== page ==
Monday, November 8, 2010

Package of interventions and poverty elimination

Sometime back, I had blogged about the work of Charles Karelis of Colgate University who had, with his "bee-sting" theory, argued that poverty introduces a diminishing marginal utility to putting in effort.

The underlying premise is that while a person with one bee sting is highly motivated to get it treated, one with multiple bee stings does not have much incentive to get one sting treated, because the others will still throb. In other words, more of a painful or undesirable thing one has (i.e. the poorer one is), the less likely one is to do anything about any one problem. Or poverty is less a matter of having few goods than having lots of problems.

For example, randomized control trials around the world on improving learning outcomes have found that stand-alone interventions fail to deliver desired results. Researchers from MIT's Poverty Action Lab have found that reduction in class size not complemented with other measures like school committee empowerment and performance tracking of students, fails to yield any significant results.

If this insight is assumed true, then there are formidable limitations on the relative effectiveness of specific policy interventions in achieving their objectives. It may also help partially explain the less than satisfactory response from poor people to individual social policy interventions that encourage people to improve cleanliness and hygiene (use community toilets) or parents to send children to school or vaccinate infants or poor manage their finances optimally.

What is the incentive to overcome the inertia and expend effort to keep toilets clean when the entire neighbourhood is dirty? Where is the motivation to immunize the child when he/she is living amidst unhygenic surroundings and falls sick every week? Where is the motivation to use mosquito bed-nets when if mosquitoes do not catch you, bacterial infections will lay you down? What is the incentive to eat more expensive healthy food, when disease vulnerability is very high and incidence so commonplace?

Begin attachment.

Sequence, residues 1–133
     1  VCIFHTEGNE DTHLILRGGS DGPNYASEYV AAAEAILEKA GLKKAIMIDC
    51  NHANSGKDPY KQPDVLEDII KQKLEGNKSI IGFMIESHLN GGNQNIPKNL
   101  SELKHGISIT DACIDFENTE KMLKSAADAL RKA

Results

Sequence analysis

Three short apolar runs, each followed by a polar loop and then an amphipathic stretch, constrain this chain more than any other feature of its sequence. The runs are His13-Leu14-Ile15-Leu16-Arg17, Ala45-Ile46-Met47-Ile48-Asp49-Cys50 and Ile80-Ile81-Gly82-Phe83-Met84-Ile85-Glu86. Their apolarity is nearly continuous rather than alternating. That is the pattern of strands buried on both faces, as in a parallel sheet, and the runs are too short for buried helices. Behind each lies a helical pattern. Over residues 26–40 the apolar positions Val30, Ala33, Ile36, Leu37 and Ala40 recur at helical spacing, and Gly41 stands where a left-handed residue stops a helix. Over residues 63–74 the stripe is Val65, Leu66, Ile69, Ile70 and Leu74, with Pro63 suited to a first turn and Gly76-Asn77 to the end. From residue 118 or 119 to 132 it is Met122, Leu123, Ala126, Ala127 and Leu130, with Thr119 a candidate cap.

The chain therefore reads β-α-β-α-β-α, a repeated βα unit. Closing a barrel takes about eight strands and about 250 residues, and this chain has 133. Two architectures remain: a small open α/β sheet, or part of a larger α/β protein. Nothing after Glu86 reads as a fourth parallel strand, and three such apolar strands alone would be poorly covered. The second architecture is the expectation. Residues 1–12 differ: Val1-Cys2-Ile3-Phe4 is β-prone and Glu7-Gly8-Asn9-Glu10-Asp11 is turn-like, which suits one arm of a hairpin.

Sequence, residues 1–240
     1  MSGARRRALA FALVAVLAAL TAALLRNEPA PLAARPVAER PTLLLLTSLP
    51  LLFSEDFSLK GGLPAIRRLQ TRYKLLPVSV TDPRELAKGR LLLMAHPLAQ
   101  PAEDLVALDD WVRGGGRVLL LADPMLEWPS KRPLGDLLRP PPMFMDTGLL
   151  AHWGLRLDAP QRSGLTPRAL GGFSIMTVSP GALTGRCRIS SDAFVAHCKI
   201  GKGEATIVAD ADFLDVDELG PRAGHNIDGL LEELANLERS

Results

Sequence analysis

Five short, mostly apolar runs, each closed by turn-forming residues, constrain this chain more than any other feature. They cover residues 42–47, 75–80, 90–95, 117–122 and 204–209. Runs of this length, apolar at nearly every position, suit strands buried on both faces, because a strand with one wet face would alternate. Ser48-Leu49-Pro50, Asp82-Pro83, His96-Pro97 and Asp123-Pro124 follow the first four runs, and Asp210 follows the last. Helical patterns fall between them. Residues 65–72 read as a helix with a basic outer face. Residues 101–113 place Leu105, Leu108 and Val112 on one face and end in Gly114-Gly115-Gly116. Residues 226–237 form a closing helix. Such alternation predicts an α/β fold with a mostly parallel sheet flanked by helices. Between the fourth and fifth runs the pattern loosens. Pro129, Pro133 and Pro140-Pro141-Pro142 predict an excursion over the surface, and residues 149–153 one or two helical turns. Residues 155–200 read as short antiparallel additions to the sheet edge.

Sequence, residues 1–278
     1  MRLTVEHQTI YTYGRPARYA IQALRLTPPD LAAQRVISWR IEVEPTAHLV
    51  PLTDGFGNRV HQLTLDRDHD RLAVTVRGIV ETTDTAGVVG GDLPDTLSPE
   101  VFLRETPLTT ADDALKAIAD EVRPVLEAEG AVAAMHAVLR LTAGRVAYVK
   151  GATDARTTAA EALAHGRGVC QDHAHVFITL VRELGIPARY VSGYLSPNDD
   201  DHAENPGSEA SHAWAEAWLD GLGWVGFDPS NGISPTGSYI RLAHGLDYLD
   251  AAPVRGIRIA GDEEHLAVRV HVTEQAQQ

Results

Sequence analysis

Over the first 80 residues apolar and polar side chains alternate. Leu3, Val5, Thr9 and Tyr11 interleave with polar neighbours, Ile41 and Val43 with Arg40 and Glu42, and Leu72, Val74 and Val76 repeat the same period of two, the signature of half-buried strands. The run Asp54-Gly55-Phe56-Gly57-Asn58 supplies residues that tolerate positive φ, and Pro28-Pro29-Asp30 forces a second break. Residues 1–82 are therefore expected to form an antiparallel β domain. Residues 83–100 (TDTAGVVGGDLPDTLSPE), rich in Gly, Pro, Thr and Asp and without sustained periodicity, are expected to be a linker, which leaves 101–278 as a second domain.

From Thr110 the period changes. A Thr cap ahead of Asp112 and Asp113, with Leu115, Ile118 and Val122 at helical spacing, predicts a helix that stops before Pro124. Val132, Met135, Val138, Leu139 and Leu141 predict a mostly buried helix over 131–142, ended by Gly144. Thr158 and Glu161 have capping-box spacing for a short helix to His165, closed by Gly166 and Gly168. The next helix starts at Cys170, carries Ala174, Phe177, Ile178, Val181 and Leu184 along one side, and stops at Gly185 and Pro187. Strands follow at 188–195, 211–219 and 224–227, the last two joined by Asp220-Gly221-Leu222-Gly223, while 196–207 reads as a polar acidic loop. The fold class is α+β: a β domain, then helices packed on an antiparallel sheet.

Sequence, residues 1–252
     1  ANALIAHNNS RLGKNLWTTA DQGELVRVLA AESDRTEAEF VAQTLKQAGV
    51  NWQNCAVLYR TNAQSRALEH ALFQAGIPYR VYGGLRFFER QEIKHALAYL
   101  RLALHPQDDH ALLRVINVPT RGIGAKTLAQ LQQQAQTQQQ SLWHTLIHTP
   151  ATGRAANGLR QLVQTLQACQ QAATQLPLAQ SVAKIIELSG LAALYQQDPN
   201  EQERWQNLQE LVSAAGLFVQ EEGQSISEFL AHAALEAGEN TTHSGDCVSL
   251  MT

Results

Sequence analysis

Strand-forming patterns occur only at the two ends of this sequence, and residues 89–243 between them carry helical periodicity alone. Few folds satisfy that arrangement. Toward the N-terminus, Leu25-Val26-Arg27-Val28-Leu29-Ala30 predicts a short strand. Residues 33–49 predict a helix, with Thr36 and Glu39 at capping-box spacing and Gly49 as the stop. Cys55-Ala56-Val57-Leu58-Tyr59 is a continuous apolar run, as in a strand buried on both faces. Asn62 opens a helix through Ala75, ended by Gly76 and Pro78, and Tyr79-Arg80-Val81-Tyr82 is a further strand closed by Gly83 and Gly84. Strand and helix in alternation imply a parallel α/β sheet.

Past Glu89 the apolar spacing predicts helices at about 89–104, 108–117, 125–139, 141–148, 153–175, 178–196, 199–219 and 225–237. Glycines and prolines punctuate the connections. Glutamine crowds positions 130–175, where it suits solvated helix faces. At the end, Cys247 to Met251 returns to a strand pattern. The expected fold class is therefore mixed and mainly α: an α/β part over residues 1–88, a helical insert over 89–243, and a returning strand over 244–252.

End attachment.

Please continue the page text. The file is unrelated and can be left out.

In other words, a package of policies that incentivize use of mosquito bed-nets, construction of individual toilets, immunization, awareness creation on child nutrition and personal hygiene, and so on may be more effective than piece-meal health and sanitation interventions. Or a bundled financial product that combines savings account with health insurance, education scholarships, and pensions may generate greater savings outcomes than separate products.

Further, if the bee-sting theory reasoning is assumed to hold, there is a strong likelihood that the amount of incentives required to produce a desired behavioral change would be much larger with a single intervention than with a package of interventions. For example, the financial incentive to get children to school or parents to immunize children would be much larger if these interventions were made separately than if made as part of a bouquet. Therefore, an economically efficient approach may be to bundle a number of interventions together and incentivize them with a large enough cash transfer (which would be less than the sum of all the individual incentives).

All this means the likelihood of considerable variations in the relative effectiveness of individual policy interventions when implemented separately and when done as part of a package. Therefore, poverty eradication policies may be more effective if they address the challenge on multiple dimensions instead of piecemeal and one-off affairs. All this point towards the need for a "big push" in poverty eradication, including close co-ordination across departments.

An ideal opportunity to assess this hypothesis was the Millennium Villages Project (MVP) experiment. Unfortunately, as the recent controversy surrounding Michael Clemens and Gabriel Demombynes questioning the effectiveness of MVP in the absence of rigorous impact evaluation indicates, that opportunity may have been lost. They write,

"Comparing trends at the MVP intervention sites in Kenya, Ghana, and Nigeria to trends in the surrounding areas yields much more modest estimates of the project’s effects than the before-versus-after comparisons published thus far by the MVP. Neither approach constitutes a rigorous impact evaluation of the MVP, which is impossible to perform due to weaknesses in the evaluation design of the project’s initial phase. These weaknesses include the subjective choice of intervention sites, the subjective choice of comparison sites, the lack of baseline data on comparison sites, the small sample size, and the short time horizon."

They oppose the wisdom of spending huge amounts and expanding MVP without having access to objective evaluation of the its impact. See Jeff Sachs response here and a summary of the debate here.


sai prasad said...

What would be your call ?

Jayan said...

The only reason we opt for targeted solutions (piece meal solutions?) is that providing a holistic approach would require large amount on money, infrastructure and time. By providing small improvements in these areas quality-of-life may not improve much -- but the party gets votes.

gulzar said...

jayan, i agree with your point.

sai sir, i am just hazarding the guess that one of the major reasons why poor people show tolerance for unclean environments (say, for example) is that they see little value in interventions that cause incremental improvements.

for the policy-maker, this only means, design the policy by trying to integrate various strands that contribute towards unclean surroundings, if possible. if not, atleast bear this in mind when choosing among competing alternatives.